I don’t know what people voted for when they voted to leave, the voted for lots of different reasons and they were told by the leave campaign that a deal would be easy and I don’t believe all of them voted for no deal.

If you think no deal is fine, that’s great but be aware of what it means. It means severe disruption and from the EU’s point of view, you are absolutely right, a no deal will hurt the Europeans in Calais, in Belgium, in Amsterdam.

One of the reasons the EU has remained united is that some member states don’t trade with us so they’ve got better things to worry about but no deal will hit is far worse than it will hit them.

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The clip has already been viewed over 62,000 times on Twitter and people have been showering praise on Menon for his simple breakdown of what no deal would constitute.

French finance minister Bruno Le Maire: British people paying for Brexit lies

The French finance minister has expressed deep regret over the divisions Brexit has caused

The French finance minister has expressed deep regret over the divisions Brexit has caused

BREXITEERS “lied” to the British people in the lead up to the EU referendum and will “pay” for Brexit, France’s finance minister has claimed.

“Bollocks to Brexit” bus made a re-appearance on the news ahead of Theresa May's historic defeat in the House of  Commons

Bollocks to Brexit” bus made a re-appearance on the news ahead of Theresa May’s historic defeat in the House of  Commons

|AIWA! NO!|The campaign to leave the European Union was “based on lies”, and is something that the British public are now paying for, France’s Finance Minister Bruno Le Maire has said.

The issue of Brexit was causing a huge division among the British people, Mr Le Maire told BBC Hardtalk’s Stephen Sackur, and was something he deeply regretted.

He said he hoped the British people and government would find a compromise to the deal that was currently on offer.

Both the Leave and Remain campaigns have accused each other of spreading misinformation during the referendum.

Downing Street prepares Brexit referendum document claiming it would take longer than a year to organise

(Image: Xinhua / Barcroft Images)
(Image: Xinhua / Barcroft Images)

Officials later said that the document had dealt only with a new vote’s potential scheduling to ‘inform discussions’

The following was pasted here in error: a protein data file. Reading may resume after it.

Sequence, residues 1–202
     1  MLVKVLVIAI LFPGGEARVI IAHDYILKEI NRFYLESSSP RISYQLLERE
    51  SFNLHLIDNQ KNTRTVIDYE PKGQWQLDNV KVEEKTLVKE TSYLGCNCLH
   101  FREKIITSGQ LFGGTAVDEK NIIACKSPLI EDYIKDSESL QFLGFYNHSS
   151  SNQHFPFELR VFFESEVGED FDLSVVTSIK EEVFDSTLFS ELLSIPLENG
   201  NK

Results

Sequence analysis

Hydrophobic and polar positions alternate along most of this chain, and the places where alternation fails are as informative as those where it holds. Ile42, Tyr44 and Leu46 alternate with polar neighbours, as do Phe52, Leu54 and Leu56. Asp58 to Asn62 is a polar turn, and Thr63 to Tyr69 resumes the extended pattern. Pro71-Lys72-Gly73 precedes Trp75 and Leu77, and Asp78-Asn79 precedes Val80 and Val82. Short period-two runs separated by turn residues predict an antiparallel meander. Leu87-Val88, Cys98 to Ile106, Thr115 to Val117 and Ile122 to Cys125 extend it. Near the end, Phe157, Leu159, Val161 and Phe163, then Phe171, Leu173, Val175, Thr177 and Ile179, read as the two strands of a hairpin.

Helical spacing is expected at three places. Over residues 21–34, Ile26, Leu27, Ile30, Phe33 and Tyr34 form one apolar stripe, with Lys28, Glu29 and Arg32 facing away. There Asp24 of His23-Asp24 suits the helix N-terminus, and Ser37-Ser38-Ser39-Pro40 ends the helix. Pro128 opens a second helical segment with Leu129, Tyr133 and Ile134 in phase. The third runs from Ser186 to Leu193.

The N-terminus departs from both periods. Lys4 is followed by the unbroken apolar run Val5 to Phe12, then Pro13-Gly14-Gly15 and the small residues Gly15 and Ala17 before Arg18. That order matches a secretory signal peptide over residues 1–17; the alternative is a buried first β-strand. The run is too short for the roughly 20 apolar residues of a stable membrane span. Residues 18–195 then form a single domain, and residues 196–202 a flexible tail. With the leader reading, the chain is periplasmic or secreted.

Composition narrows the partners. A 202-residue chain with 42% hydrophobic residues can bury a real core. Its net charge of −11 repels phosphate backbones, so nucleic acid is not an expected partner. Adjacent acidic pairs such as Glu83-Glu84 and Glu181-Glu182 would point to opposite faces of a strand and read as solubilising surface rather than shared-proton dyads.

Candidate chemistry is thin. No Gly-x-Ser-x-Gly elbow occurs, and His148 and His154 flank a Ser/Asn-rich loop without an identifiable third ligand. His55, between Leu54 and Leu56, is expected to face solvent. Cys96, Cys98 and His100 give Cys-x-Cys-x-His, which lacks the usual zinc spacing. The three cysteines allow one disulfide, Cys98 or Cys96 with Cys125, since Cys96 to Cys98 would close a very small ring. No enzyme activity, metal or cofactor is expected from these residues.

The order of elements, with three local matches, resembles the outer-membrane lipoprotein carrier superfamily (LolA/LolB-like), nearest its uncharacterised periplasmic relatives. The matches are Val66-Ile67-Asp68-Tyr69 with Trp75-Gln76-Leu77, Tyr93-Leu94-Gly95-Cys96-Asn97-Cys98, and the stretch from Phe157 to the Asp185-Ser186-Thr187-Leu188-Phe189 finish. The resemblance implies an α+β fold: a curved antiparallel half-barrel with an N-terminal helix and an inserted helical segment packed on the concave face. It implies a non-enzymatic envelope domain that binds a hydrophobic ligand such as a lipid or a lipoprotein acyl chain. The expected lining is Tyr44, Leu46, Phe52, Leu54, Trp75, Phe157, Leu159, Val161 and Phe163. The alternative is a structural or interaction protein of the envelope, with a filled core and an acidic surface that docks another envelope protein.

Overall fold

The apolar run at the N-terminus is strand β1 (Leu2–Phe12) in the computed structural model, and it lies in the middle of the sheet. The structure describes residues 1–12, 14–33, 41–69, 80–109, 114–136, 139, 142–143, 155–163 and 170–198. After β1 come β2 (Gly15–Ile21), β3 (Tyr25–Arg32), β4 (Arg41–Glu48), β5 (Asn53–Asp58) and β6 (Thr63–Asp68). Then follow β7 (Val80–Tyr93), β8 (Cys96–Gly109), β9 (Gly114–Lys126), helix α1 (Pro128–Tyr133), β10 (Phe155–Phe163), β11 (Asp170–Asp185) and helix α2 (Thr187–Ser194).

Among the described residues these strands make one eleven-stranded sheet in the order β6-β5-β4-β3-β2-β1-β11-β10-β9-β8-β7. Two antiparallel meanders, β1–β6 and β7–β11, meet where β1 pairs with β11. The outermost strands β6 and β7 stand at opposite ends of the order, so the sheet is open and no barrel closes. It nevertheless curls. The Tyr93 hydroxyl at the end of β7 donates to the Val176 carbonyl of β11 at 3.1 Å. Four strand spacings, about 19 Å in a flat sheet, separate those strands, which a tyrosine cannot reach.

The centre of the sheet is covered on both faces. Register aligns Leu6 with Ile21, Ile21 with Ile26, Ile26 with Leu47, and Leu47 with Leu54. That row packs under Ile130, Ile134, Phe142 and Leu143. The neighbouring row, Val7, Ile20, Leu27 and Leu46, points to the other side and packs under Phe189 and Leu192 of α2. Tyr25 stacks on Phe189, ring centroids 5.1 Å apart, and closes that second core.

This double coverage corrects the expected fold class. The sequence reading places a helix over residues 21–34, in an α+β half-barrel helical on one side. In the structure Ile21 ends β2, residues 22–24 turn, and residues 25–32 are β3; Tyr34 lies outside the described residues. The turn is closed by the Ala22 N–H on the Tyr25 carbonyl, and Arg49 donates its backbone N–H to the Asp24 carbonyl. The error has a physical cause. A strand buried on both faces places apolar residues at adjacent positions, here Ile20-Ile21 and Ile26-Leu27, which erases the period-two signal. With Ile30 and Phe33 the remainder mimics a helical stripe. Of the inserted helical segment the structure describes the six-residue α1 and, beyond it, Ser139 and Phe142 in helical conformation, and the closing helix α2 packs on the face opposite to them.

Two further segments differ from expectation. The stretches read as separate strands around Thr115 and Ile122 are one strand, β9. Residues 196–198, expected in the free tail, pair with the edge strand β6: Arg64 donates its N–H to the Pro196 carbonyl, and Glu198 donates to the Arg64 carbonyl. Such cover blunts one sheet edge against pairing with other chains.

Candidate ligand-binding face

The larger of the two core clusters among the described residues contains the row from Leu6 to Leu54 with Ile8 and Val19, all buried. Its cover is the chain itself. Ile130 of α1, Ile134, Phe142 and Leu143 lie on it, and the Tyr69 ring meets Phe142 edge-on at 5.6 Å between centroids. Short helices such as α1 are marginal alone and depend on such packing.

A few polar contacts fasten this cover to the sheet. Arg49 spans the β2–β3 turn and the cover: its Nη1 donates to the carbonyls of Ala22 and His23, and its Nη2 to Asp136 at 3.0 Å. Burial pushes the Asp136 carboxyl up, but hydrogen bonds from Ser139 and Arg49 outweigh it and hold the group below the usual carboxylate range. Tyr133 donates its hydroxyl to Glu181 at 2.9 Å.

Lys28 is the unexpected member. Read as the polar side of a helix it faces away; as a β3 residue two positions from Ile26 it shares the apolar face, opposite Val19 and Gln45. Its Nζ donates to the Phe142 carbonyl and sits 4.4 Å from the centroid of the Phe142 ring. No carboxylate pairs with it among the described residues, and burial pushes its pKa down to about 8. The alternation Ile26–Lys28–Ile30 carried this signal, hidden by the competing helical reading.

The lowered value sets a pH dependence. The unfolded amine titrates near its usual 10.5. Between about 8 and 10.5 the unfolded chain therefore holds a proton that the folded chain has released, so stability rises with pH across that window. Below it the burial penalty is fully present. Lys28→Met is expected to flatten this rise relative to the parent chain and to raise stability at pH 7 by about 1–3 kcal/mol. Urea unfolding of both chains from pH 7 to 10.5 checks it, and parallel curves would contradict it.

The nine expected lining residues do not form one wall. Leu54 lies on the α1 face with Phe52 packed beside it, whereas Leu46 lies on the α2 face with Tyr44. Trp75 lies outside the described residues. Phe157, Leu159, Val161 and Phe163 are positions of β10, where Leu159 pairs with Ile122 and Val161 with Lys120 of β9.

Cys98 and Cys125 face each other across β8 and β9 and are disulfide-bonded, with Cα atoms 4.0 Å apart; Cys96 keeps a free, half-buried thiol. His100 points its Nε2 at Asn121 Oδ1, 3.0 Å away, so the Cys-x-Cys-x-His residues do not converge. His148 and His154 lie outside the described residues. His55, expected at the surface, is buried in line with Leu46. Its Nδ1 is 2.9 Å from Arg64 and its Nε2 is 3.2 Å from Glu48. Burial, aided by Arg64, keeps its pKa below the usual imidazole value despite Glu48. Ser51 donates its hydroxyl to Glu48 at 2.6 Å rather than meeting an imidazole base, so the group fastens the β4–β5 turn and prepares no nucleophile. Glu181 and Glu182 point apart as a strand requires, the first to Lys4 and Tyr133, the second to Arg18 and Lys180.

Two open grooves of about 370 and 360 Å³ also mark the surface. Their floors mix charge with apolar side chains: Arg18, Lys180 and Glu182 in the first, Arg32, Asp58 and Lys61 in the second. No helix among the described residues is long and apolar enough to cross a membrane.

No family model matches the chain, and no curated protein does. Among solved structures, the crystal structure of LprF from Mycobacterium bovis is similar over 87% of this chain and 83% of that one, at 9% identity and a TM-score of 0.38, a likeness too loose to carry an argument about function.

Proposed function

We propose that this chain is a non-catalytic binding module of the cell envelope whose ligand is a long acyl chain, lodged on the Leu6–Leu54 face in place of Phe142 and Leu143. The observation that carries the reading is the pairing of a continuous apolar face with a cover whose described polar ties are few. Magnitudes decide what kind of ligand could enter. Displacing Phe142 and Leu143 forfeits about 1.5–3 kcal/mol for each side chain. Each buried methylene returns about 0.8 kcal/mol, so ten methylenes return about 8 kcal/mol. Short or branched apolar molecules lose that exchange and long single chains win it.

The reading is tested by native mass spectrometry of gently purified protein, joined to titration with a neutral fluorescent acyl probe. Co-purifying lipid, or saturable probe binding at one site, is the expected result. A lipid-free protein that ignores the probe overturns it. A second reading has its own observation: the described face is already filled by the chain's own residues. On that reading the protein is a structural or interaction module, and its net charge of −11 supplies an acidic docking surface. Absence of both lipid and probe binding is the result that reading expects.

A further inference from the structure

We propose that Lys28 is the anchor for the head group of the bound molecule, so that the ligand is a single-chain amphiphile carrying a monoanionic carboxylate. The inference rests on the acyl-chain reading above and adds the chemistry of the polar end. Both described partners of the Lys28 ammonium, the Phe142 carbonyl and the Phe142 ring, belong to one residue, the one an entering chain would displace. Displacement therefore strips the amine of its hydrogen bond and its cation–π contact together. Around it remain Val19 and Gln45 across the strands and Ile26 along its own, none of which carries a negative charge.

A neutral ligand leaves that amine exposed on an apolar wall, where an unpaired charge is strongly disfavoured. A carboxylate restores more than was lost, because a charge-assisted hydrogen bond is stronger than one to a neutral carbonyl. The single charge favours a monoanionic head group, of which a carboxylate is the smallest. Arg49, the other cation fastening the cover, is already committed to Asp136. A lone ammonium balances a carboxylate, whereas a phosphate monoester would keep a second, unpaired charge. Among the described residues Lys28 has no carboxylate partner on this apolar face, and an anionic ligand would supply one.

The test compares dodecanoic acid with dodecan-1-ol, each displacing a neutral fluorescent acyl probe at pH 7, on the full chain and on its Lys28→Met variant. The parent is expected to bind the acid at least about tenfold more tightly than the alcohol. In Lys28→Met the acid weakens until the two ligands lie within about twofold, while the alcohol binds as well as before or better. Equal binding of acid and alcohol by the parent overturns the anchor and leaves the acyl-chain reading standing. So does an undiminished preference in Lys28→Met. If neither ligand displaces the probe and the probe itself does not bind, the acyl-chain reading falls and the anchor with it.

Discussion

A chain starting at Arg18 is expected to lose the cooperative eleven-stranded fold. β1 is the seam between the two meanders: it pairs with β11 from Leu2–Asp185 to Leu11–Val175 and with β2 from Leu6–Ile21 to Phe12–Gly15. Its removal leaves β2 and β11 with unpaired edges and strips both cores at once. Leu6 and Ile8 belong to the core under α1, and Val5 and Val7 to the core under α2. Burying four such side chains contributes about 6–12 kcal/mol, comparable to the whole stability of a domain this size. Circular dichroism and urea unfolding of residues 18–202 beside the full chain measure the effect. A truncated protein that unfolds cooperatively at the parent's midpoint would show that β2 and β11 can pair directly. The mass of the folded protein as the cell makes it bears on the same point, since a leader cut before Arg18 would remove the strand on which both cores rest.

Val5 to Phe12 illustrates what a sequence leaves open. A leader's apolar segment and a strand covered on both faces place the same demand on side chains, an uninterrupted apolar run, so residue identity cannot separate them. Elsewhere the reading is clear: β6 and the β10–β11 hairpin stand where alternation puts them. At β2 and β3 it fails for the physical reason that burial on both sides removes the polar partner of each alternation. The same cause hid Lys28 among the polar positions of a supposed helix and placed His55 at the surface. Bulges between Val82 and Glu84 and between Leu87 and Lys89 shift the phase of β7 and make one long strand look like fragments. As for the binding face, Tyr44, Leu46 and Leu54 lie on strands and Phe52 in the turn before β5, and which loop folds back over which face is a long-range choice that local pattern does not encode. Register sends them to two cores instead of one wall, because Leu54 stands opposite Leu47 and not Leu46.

This image has an empty alt attribute; its file name is brexit-vote-protesters-23.jpg

Downing Street drew up a paper setting out the potential timescale for a Final Say referendum on Brexit.

The document’s existence emerged after Theresa May used it in meetings with political rivals as she seeks a consensus on how to push ahead with Brexit.

Officials later said that the document had dealt only with its potential scheduling to demonstrate the belief at the top of government that a People’s Vote could take more than a year to organise.

It comes as MPs from across the House of Commons who back a new referendum, manoeuvre to try and force one on to the parliamentary agenda.

Ms May has consistently ruled out a second referendum, but some attendees left meetings with her on Thursday – following her call to speak to all parties on the future of Brexit – suggesting they were struck by work the government has already done looking into one.

Ms May’s spokeswoman said: “In order to inform the discussions, a paper, a very short paper set out in factual detail the number of months which would be required.

“This was illustrative only and our position of course is that there will be no second referendum as the prime minister has repeatedly said.”

The paper is said to have argued that it would take “in excess of a year” to plan and conduct another referendum on Brexit.

The spokeswoman added: “It was produced to inform the expected discussion at some of these meetings.”

The Independent, which has campaigned for a new vote, understands it was a single piece of A4, with bullet points and did not cover other areas such as what question would be asked. Other papers for other scenarios have not been drawn up.

MPs are expected to have the opportunity on 29 January to vote on whether to hold a second referendum, after a Conservative backbencher pledged to put down an amendment to Theresa May’s Brexit plan.

Dr Sarah Wollaston said it was time to put it to a vote of MPs when Brexit was next debated, while Labour MPs who back a People’s Vote have also said they will move to support any parliamentary bid to force another referendum.

Number 10 declined to provide details of discussions in the meeting, but said that Ms May intended to continue talking to engage with parliamentarians and EU leaders over the coming days.

No plans were announced for any trip to Brussels ahead of the publication on Monday of her Brexit Plan B. The PM is expected to spend the weekend at her country residence Chequers.